Companies and healthcare providers may share customer data on an opt-in basis, and around 80 percent of 23andMe customers agree to participate. Do consumers know what this means, however? 23andMe is a valuable resource in the work of collecting genetic information, but the privacy risks remain.
Testing companies share data only with explicit consent but other companies allow anyone to upload genetic information to search for relatives. Sharing one individual’s data is opt-in, but what about your family? There is no system in place to protect the genetic privacy of relatives. This is one step on a dangerous path, especially when there have been calls for national forensic DNA databases that may store data for all citizens.
The risk of data theft following data breach events is rising rapidly, with more and more data breach incidents every year. No type of personal information is spared, and DNA privacy is more important now than ever.
DNA Collection & Data Privacy Lawsuits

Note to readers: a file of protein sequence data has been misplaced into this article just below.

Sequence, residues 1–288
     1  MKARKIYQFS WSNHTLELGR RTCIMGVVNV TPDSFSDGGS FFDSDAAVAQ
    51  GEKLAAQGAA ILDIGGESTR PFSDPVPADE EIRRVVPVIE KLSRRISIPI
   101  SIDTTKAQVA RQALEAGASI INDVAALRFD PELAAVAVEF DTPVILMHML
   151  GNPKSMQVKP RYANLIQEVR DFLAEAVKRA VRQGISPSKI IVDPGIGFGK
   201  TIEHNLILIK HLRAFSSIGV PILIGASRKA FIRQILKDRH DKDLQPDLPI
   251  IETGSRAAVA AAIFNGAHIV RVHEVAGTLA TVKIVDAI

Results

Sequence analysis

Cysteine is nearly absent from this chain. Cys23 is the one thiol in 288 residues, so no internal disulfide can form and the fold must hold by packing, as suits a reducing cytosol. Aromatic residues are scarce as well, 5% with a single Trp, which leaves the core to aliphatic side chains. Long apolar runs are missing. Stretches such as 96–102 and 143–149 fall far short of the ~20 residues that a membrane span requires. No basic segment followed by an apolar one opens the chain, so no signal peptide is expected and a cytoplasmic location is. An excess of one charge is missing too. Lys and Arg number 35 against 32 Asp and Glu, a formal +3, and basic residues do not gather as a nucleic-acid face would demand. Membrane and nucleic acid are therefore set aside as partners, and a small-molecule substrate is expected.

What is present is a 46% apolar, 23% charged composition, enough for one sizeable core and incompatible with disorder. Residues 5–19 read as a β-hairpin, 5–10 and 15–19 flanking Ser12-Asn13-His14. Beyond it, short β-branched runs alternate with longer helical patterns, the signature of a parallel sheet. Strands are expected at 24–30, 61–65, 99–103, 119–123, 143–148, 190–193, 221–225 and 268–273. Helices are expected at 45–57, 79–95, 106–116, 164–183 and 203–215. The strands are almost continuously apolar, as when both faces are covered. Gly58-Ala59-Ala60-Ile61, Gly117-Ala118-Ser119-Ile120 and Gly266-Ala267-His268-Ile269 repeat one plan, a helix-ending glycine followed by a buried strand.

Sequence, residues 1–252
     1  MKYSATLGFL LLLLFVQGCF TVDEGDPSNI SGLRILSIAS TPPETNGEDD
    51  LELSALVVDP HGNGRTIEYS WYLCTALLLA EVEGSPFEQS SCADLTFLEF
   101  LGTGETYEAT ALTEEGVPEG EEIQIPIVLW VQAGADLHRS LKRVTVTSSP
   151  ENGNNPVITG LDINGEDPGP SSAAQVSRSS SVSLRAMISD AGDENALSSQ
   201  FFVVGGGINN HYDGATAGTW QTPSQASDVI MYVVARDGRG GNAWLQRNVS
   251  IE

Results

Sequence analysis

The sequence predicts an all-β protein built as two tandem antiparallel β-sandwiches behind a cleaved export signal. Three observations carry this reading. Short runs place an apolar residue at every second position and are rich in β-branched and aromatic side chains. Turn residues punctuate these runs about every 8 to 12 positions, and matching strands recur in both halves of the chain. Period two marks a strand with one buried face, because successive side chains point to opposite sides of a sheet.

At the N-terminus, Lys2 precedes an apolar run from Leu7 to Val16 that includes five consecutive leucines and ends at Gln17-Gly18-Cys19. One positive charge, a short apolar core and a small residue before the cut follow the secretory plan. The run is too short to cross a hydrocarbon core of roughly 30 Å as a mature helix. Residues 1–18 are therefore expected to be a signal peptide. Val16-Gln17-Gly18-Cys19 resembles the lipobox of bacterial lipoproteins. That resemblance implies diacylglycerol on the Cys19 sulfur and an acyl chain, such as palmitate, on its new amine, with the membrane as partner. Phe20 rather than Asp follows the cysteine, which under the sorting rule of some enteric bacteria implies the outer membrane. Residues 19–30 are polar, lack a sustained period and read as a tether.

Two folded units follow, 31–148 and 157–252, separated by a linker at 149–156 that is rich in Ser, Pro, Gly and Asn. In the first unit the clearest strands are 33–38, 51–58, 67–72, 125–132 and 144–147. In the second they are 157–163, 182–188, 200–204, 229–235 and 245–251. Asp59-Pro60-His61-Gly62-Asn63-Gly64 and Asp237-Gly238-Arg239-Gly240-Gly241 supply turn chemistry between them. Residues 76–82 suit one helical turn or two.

Unfortunately, protecting your personal data is not a primary concern for most hospitals or companies, which is why some accountability is necessary. When faced with lawsuits, companies are much more likely to comply with consumer rights.
Genetic data privacy is more important than many believe, and in order to prevent cases of data theft and identity theft, more litigation is necessary. Criminals are now able to use small amounts of personal data for large gains. These damages can be substantial and long-lasting. Genetic data theft may prevent consumers from accessing banks loans, education, housing, and health insurance.
The benefits of genetic testing privacy and DNA collection regulation is obvious, but the public needs to put more pressure on companies who store their genetic and biometric information to ensure their privacy rights.
To learn more about data privacy law and current litigation, contact the Lyon Firm for a free and confidential case review. Joe Lyon takes pride in fighting for consumer rights, and holds companies accountable when their negligence causes financial losses and other damages.